Russ Lyon Sotheby’s International Realty continues to dominate the Luxury Home Market in Arizona with over 27% of combined listing and sales volume year to date. The total volume is for residential properties including single family homes, town homes, and condominiums priced at $800,000 or more.
The information below from The Cromford Daily Observation provides both a local and national perspective on the Phoenix housing market. What should be of particular interest to investors – The Phoenix Housing Market continues recover at a robust pace but still has a long way to go to reach the peak!
Excerpt from The Comford Daily Observation dated August 27, 2013:
The last Tuesday of August means it is time for the S&P/Case-Shiller© Home Price Index© to be published. If we look at at the long term chart (below) for this index, we can see the following:
- Phoenix started the recovery in September 2011, a few months before the other 19 areas covered by the index.
- It has moved 37.1% higher since reaching bottom in September 2011.
- It moved up 1.8% in the last month (Apr-Jun versus Mar-May)
- It moved up 19.8% in the last 12 months (Apr-June 2013 versus Apr-Jun 2012).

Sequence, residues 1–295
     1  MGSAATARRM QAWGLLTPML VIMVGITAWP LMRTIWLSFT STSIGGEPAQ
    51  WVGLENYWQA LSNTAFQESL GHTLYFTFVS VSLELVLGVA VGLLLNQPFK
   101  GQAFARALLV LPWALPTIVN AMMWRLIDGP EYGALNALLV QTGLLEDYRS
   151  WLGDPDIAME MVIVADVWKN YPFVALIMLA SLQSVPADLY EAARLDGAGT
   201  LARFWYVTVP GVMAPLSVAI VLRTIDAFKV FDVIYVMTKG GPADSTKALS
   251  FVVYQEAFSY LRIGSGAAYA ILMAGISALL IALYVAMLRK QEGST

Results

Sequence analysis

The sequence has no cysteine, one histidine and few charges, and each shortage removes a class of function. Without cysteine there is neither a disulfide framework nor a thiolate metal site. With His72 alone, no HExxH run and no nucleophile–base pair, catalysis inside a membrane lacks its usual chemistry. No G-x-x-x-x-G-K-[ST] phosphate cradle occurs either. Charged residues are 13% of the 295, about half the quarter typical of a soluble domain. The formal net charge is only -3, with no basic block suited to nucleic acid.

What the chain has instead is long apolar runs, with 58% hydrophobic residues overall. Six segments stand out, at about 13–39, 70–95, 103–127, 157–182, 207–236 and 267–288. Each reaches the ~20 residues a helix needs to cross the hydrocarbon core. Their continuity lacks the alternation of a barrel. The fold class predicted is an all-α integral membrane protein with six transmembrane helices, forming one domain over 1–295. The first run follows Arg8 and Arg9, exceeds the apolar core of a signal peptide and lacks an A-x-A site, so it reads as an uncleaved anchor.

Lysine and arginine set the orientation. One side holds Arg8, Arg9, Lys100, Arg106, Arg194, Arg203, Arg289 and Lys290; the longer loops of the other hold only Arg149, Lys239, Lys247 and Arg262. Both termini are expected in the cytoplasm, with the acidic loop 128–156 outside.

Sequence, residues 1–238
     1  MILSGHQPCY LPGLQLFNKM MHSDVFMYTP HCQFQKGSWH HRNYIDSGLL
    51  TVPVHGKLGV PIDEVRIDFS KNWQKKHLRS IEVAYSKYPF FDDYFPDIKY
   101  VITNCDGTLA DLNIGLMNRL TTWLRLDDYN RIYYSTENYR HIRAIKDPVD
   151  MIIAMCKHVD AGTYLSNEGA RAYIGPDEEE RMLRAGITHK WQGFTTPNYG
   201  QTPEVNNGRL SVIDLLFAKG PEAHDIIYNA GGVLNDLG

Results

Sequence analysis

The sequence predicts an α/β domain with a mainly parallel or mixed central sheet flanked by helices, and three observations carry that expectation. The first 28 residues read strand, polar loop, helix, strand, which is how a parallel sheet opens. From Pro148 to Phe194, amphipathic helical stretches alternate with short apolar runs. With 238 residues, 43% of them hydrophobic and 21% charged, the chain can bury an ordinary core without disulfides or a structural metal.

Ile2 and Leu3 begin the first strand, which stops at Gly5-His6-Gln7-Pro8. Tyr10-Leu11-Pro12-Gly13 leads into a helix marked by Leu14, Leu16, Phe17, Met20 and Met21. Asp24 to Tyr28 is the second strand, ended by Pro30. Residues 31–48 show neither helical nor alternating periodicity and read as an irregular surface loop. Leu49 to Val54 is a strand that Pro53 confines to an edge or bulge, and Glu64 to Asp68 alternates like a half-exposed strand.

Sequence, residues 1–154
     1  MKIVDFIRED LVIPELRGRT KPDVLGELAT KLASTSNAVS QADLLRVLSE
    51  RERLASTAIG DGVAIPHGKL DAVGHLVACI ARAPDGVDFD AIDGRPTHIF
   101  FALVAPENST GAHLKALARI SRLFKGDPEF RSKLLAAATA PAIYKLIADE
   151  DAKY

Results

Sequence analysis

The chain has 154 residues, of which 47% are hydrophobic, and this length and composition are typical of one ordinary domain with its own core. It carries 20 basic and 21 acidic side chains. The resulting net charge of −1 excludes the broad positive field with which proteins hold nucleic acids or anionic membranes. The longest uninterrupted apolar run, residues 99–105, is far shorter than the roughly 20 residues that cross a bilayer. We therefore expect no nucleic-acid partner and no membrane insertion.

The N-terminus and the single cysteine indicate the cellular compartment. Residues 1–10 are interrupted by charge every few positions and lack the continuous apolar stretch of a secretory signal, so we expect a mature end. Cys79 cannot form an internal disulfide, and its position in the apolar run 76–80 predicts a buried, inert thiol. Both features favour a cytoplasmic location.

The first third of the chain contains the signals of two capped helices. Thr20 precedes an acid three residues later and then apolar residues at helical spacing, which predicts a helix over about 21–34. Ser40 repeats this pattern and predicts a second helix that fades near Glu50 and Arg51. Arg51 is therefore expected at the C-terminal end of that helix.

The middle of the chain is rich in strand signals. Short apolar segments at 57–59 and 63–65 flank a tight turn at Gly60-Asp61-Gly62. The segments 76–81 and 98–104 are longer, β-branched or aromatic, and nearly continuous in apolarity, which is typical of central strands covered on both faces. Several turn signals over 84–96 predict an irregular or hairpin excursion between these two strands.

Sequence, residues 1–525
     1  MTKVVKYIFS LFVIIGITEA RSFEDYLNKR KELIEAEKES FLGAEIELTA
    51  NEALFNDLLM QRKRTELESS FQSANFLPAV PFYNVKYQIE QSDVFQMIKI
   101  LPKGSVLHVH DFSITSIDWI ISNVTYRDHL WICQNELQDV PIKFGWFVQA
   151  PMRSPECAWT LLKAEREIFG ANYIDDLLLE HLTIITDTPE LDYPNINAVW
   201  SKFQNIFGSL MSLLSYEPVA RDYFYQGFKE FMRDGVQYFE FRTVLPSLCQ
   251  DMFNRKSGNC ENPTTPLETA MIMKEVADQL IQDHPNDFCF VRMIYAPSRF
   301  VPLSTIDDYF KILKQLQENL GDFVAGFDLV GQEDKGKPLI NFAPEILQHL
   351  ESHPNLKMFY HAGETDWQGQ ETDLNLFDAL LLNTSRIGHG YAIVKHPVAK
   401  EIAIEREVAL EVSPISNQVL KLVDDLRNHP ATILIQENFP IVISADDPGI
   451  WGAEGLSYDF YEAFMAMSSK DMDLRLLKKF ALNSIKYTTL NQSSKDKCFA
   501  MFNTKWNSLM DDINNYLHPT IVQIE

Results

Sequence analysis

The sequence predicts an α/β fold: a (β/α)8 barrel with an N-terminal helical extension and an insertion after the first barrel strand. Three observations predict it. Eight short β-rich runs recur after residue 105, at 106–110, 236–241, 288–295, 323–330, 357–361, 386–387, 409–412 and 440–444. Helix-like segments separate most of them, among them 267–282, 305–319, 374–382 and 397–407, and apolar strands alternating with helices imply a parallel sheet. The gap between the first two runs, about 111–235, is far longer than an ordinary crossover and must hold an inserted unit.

- The monthly rate of increase reached a peak of 2.5% in Apr-Jun 2012 and has moderated somewhat since then.
- The weakest period since Oct-Dec 2011 was Oct-Dec 2012 when the price index increased by 0.9% per month.
- The index would have to increase another 66% to match the bubble peak of 227.42 in June 2006.
- The current index is higher than June 2004 and October 2008. Between those months, the index was higher than now.
These conclusions are all very consistent with the price per sq. ft. measurements we take from the ARMLS data, once you allow for the time delay inherent in the Case-Shiller process.
Phoenix still sits further below the bubble peak than most of the country. The 20-city composite currently would have to increase 29% to regain it’s maximum. Las Vegas has the furthest to climb with a 100% jump required. Miami (68%) and Tampa (61%) are in a similar position to Phoenix. Dallas and Denver have both regained and surpassed their previous peaks and are setting all time price records now. However both are non-volatile markets. Denver is 43% above its January 2000 point while Dallas is up by only 30% in the last 13 years.
In terms of annual increases we have been overtaken by three of our neighboring cities and the ranking table looks like this:
- Las Vegas +24.9%
- San Francisco +24.5%
- Los Angeles +19.9%
- Phoenix +19.8%
- San Diego +19.3%
- Atlanta +19.0%
- Detroit +16.4%
- Miami +14.8%
- Portland +11.8%
- Seattle +11.8%
- Minneapolis – 11.5%
- Tampa +11.1%
- Denver +9.4%
- Dallas +8.0%
- Charlotte +7.8%
- Chicago +7.3%
- Boston +6.7%
- Washington DC +5.7%
- Cleveland +3.5%
- New York +3.3%
It is clear that the market is much stronger in the West than in the Northeast. However, even for New York, home prices are increasing faster than inflation.
Another trend that jumps out at you when looking at the long term chart is the sudden acceleration of price increases on the west coast and in Atlanta & Chicago. Between the reading for Dec-Feb and the current reading for Apr-Jun, a period of just 4 months, the index has increased as follows: